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close this bookVolunteer Participation in Working with the Urban Poor (UNDP - UNV, 64 p.)
View the document(introduction...)
View the documentIntroduction
View the documentNote on terminology and abbreviations
View the documentSummary
close this folderI. Urbanisation: recognition and response
View the document(introduction...)
View the documentUrbanisation and poverty
View the documentResponse to urbanisation
View the documentRecognition of ''Self-help'' initiatives
close this folderII. Insights derived from community-based programmes
View the document(introduction...)
close this folderUrban informal sector
View the document(introduction...)
View the documentMicro-enterprise promotion
View the documentWorking conditions in the informal sector
View the documentThe ILO experience
View the documentLow-income housing
View the documentInfrastructure and basic services
View the documentHealth and HIV/AIDS prevention
View the documentNon-formal education and functional literacy
View the documentWomen, gender and development
View the documentChildren of the street
View the documentImplications for VSAs
close this folderIII. Towards a community-based strategy for VSAs
View the documentParticipation: how and for whose benefit?
View the documentA sense of ''community''
View the documentGeneral characteristics of low-income urban communities
View the documentFactors determining support possibilities
View the documentGeneral characteristics of CBOs
View the documentSupport channels and intermediaries
close this folderIV. Programming concerns for VSAs and UNV
View the documentGuidelines for involvement
View the documentSuccess criteria for volunteer involvement
View the documentTaking the initiative
View the documentFlexibility
View the documentMeeting personnel and associated needs
View the documentChannels of operation
View the documentUnited Nations Agencies and their partners
View the documentFunding and other programme concerns
close this folderV. Principles and characteristics of volunteer use
View the documentFunctions and volunteers
View the documentQualities of VDWs
View the documentTeams
View the documentSkill requirements and experiences
View the documentSelection and placement process
View the documentAcculturation and language training process
View the documentEpilogue: follow-up, 1995
View the documentAnnotated reference list
close this folderAnnex: Excerpts from background papers
View the documentUrban development policy issues and the role of united nations volunteers
View the documentWorking with the urban poor: lessons from the experience of metropolitan Lagos, Nigeria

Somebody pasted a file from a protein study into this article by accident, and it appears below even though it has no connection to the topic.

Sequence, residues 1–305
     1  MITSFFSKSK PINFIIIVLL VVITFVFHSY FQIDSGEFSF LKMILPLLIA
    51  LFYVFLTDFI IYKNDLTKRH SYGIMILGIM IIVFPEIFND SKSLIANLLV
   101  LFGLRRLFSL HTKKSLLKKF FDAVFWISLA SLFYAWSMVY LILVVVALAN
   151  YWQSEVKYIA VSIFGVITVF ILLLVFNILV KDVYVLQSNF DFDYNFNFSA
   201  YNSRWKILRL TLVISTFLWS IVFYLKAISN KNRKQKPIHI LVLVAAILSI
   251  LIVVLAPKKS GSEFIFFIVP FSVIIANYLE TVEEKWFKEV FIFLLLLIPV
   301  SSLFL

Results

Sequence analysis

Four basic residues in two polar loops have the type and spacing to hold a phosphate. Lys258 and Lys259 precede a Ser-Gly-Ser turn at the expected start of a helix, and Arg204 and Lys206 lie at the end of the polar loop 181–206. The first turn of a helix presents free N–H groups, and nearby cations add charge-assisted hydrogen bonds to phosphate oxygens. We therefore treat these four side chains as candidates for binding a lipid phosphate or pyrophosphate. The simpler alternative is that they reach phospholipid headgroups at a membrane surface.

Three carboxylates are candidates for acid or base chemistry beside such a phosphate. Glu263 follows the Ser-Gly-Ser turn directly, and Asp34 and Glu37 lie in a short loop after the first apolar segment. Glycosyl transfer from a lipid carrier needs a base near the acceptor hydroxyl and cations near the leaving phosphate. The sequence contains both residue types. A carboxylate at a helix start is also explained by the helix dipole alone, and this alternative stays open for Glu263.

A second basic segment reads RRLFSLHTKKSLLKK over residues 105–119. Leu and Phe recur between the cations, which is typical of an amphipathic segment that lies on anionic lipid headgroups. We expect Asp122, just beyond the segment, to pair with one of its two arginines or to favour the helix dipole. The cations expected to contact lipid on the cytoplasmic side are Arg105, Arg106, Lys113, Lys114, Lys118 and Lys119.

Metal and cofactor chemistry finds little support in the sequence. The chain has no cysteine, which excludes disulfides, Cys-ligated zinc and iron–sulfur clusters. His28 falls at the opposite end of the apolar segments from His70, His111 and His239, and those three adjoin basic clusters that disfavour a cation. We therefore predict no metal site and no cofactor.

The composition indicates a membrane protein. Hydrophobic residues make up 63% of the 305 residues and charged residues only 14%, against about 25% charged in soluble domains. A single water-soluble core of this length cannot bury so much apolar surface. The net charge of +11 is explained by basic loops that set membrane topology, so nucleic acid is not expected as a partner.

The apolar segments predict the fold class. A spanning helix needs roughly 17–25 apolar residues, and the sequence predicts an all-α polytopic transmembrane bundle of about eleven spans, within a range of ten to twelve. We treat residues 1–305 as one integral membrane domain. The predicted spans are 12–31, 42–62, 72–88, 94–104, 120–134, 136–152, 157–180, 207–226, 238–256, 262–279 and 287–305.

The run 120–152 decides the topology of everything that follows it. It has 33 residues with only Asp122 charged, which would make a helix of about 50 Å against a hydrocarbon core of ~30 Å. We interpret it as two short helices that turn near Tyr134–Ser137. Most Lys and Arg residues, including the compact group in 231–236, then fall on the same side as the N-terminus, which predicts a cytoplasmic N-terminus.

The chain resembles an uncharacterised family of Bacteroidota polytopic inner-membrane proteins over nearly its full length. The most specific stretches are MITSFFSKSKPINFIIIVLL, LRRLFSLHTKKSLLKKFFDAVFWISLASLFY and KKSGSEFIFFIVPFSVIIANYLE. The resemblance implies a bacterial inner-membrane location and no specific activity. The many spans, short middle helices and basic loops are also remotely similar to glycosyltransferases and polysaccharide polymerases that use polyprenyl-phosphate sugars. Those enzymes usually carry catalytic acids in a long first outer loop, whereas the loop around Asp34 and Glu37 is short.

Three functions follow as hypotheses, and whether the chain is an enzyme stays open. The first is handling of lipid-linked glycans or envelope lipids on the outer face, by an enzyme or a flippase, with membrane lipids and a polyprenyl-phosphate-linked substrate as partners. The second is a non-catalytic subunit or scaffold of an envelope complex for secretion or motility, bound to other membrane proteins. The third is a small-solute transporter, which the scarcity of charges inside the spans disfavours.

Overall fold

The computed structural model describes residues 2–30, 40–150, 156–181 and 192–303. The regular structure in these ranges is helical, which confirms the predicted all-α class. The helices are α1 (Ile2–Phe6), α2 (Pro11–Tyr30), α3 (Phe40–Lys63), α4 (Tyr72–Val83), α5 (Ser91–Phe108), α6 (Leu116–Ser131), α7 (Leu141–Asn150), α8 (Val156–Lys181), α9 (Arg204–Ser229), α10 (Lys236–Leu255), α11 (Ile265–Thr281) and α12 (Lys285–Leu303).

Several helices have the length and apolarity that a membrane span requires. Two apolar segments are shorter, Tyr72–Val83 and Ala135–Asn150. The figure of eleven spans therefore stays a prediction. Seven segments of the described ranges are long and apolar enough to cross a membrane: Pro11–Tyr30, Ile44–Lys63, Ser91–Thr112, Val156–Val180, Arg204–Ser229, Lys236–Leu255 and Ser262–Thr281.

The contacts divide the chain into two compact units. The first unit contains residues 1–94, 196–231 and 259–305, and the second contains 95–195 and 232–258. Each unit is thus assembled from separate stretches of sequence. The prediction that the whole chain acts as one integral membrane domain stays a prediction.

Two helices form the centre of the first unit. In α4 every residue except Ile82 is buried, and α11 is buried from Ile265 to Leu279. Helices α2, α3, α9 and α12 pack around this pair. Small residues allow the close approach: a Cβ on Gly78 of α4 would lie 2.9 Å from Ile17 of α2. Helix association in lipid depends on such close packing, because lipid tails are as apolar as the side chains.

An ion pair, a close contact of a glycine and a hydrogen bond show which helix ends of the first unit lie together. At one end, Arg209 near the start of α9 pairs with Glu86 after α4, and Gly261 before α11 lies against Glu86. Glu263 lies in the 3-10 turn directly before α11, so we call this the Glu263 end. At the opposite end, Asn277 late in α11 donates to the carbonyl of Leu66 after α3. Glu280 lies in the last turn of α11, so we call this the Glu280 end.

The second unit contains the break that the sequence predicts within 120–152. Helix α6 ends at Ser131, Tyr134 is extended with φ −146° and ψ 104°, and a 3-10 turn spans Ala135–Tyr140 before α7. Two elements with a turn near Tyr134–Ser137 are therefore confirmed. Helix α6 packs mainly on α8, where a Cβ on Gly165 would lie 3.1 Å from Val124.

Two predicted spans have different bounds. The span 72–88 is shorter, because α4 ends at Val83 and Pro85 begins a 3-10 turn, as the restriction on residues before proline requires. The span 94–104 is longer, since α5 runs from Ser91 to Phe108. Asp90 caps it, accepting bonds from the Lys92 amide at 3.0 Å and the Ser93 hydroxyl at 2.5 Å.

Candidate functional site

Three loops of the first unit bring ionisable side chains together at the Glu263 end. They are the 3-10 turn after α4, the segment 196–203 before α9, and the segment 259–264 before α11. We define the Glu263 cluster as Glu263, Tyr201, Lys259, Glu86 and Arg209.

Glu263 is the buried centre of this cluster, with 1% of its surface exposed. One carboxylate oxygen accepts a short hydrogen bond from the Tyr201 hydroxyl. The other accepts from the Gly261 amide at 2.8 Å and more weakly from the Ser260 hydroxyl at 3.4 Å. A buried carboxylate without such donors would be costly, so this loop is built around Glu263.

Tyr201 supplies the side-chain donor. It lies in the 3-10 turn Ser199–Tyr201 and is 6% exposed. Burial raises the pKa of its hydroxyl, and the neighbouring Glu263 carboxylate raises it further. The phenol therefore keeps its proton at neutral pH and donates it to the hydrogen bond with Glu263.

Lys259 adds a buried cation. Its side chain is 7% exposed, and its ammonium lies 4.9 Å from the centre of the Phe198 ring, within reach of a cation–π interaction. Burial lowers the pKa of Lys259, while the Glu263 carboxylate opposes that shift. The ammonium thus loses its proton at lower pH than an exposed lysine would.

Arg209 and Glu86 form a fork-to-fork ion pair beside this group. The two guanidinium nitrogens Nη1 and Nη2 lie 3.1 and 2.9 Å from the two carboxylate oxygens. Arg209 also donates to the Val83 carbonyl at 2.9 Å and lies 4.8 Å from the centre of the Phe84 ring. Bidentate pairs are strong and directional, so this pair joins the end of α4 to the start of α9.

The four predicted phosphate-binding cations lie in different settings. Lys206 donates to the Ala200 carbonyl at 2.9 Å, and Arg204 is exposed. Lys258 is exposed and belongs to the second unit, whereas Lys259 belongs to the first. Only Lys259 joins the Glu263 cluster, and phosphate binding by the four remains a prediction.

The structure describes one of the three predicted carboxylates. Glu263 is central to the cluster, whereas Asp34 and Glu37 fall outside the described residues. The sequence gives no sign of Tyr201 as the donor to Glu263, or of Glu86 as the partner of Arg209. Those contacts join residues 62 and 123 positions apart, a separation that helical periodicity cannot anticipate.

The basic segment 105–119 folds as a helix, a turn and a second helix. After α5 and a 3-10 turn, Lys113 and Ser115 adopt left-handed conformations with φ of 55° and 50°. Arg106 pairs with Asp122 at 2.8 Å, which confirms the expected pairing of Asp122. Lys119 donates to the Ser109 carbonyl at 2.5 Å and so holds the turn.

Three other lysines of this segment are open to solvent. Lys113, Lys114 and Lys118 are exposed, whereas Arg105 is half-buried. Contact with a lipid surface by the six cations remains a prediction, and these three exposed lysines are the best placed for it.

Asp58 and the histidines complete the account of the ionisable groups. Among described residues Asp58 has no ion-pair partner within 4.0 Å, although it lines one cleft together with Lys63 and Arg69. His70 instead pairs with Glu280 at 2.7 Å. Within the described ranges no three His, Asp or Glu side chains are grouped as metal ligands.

View the documentBrief account of my experience as a DDS field worker and a UNV in Sri Lanka and Jamaica
View the documentSpecial consultation on volunteer participation in working with the urban poor

Non-formal education and functional literacy

It is paradoxical that relatively few case studies in the area of education have been included in the growing number of reports on programmes of support to low-income urban groups. Yet in both Latin America and Asia, much of the organisational work of local NGOs and PVOs, in some cases church-inspired, has heavily emphasised literacy and adult education programmes in low-income urban areas. These programmes have served to raise awareness of a sense of community, have enabled women to find a stronger voice in decision-making; and have imparted basic skills, through training, which can be put to immediate use in the informal sector.

UNESCO, in its long history of support to functional literacy and non-formal education programmes, has predominantly focused on rural areas. There may be an assumption that the educational needs of low-income urban groups require no special methodologies or techniques, although the nature of urban community concerns, outlined above, seems to indicate that special organisational efforts may be necessary.

The need for special emphasis on the educational needs of women in low-income urban areas should be a priority as well. Studies have shown that when women have access to education, family planning can take root; infant and child mortality rates decrease; literacy and nutritional levels rise among children; and family welfare improves through greater wage-earning potential. Promoting the socio-economic role of women is an essential step in confronting community concerns and encouraging a participatory approach to solving them. There remains enormous scope for greater VDW involvement in working with communities, and especially women and children, in meeting educational needs.